Saturday, August 11, 2007

“Pro-Levees, Anti-War” Web Site Announces "Overhaul"

The New York–based, New Orleans–devoted information / action network Levees Not War marks the second anniversary of Hurricane Katrina with a top-to-bottom overhaul of its web site and expansion of features.

NEW YORK CITY, Aug. 10—As America’s infrastructure shows cracks all over, one of its most committed defenders is stronger than ever.

The “pro-levees” online resource announces a “total overhaul” and expansion of its information and political action web site, just in time for the second anniversary of Hurricane Katrina approaches (Aug. 29).

Founder Mark LaFlaur says, “ is now a more robust, user-friendly resource for political action than ever before. We’re calling on the White House and Congress to spend bravely and liberally on America’s people and infrastructure, and we invite everyone to use our site to fight the good fight.”

“We were lucky to hire web programmer Ed Swartz of Sandy Pond Consulting,” says LaFlaur, a Louisiana native now living in New York. “We are delighted with the top-notch work he did to make Levees Not War a more attractive and organized resource.” The street tile logo was designed by Evelyn Menge of New Orleans, maker of a popular line of classic blue-and-white tile street names instantly recognizable by anyone who knows New Orleans.

New and Improved Features

The revamped web site includes:

• News and commentary (on hurricanes, wars, etc.)
• Links to lively New Orleans and Louisiana blogs and sites
• Phone and fax numbers of the White House and Congress
• Engineers’ post-mortems and congressional testimony
• Relief and environmental groups
• Exclusive interviews with authors and experts such as Ivor van Heerden of the LSU Hurricane Center
• Well-stocked library of recommended reading

Founded in 2005 (the weekend of Hurricane Rita), Levees Not War is a nonprofit information resource and action network dedicated to generating help for the storm victims and aggressive funding for coastal restoration, as well as a comprehensive storm protection system for New Orleans and the Gulf Coast. The site has been has been mentioned online in DailyKos, the Washington Post, and The Nation.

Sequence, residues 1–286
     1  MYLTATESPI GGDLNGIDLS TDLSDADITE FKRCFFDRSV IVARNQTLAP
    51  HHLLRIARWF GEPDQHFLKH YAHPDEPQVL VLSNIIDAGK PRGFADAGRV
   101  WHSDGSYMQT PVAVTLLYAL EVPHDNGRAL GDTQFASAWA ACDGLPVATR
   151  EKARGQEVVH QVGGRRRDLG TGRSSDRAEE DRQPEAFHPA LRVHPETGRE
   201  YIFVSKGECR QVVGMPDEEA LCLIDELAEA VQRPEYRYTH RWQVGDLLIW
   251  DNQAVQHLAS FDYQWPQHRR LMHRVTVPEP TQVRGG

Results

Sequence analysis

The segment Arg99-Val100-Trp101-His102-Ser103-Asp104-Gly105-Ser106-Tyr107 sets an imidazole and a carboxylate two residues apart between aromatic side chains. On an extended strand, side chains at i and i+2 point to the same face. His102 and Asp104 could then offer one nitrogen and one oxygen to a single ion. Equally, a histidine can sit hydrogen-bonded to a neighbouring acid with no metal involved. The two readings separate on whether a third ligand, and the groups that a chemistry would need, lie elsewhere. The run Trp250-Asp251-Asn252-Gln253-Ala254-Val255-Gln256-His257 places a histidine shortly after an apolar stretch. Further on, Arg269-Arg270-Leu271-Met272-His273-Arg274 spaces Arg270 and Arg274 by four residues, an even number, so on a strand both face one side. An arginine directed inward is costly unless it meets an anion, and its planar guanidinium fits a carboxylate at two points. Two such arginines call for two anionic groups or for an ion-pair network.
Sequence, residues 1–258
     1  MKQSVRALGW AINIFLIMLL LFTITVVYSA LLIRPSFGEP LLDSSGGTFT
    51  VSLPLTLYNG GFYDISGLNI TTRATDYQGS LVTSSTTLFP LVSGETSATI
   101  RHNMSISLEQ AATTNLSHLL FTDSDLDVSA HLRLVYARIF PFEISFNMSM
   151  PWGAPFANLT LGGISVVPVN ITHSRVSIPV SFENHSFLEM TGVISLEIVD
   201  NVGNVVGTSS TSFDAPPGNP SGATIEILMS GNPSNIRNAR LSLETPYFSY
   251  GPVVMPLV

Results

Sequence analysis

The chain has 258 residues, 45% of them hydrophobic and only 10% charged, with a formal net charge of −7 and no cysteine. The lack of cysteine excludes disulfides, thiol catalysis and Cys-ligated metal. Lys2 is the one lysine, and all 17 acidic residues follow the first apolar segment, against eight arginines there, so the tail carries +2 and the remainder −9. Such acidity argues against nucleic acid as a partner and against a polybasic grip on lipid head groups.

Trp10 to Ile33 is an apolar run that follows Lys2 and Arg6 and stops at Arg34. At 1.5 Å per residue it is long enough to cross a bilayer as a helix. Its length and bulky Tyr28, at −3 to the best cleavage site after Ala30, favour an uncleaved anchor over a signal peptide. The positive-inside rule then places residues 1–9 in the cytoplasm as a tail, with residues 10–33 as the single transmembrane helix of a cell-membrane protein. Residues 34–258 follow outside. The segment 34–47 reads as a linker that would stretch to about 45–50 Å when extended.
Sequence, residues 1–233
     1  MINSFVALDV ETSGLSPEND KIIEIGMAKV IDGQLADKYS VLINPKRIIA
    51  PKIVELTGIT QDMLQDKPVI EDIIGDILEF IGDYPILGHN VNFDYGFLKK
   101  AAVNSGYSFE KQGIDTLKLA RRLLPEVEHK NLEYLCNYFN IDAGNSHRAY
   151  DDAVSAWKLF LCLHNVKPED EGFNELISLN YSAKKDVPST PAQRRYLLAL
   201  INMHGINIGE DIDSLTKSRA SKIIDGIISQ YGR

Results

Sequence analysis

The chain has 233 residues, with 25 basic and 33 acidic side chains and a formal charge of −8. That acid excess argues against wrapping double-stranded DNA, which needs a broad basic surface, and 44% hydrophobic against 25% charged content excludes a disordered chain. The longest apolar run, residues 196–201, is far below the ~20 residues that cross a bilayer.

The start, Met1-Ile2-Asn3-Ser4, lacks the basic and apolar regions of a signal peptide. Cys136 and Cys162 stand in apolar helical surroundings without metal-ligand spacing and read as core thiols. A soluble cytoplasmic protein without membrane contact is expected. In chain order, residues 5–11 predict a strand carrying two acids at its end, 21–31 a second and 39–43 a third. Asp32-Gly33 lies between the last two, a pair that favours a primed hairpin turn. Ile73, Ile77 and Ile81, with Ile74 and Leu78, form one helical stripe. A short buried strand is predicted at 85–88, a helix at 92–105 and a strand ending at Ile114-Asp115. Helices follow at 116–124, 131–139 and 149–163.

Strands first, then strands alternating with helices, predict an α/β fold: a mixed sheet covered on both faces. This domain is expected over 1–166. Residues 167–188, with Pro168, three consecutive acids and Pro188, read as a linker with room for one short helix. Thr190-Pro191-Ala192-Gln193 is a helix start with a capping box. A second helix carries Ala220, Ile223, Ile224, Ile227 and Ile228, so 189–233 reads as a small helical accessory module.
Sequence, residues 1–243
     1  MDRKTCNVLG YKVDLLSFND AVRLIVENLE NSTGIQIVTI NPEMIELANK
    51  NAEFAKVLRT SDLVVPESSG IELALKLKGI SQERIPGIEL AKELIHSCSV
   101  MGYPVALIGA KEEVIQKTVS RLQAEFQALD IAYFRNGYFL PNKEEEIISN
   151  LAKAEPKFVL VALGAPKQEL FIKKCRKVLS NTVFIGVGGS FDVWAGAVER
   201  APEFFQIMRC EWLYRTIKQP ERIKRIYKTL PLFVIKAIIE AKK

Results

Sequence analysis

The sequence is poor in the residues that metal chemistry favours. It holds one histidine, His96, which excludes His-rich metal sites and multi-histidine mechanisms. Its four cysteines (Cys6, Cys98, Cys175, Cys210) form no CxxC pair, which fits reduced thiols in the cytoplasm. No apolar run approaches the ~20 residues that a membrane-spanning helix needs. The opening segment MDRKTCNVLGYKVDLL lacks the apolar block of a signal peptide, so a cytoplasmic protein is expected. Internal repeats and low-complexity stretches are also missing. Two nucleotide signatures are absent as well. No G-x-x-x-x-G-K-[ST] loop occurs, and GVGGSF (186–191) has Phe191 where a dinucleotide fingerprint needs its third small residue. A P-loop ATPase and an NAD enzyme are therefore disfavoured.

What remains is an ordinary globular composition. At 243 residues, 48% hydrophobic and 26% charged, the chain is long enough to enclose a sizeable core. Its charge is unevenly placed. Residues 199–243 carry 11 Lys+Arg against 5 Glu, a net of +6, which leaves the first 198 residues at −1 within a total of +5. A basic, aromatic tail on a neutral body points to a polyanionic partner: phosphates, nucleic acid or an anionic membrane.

Levees Not War will also participate in the second annual Rising Tide conference of “Katrina bloggers” in New Orleans August 24–26 as part of the promotional launch of the expanded, redesigned web site.

Levees Not War’s web site and advocacy work are informed by interviews and consultation with engineers, ecologists, and other experts in New Orleans, Baton Rouge, and Washington, D.C., including the LSU Hurricane Center, the Coalition to Restore Coastal Louisiana, engineers on the American Society of Civil Engineers’ levee-breach investigation team, and the staffs of various members of Congress.

Homeland Security Begins at Home

“If ‘homeland security’ means anything,” says LaFlaur, “it means taking care of our land and investing in our cities. Like a preventive care program.”

As was seen with the post-Katrina spike in oil prices, the entire nation will pay dearly if the Port of New Orleans and the state’s oil and gas and seafood industries aren’t protected and given substantial investment. Nearly 25 percent of all oil and gas consumed in the U.S. and 80 percent of the nation’s offshore oil and gas pass through Louisiana’s wetlands—of which almost 2,000 square miles have been lost in the past century.

“New Orleanians know if they’re not safe, no American city’s safe,” says LaFlaur. While federal funding for disaster response and infrastructure reinforcement—levees, flood control pumps, etc.—is a matter of life and death for southern Lousiana, it concerns every American, regardless of residence or party affiliation. “Where is the federal government going to be when a disaster strikes your town?”

The web address is:

Further information is available at

—Mark LaFlaur, Kew Gardens, New York City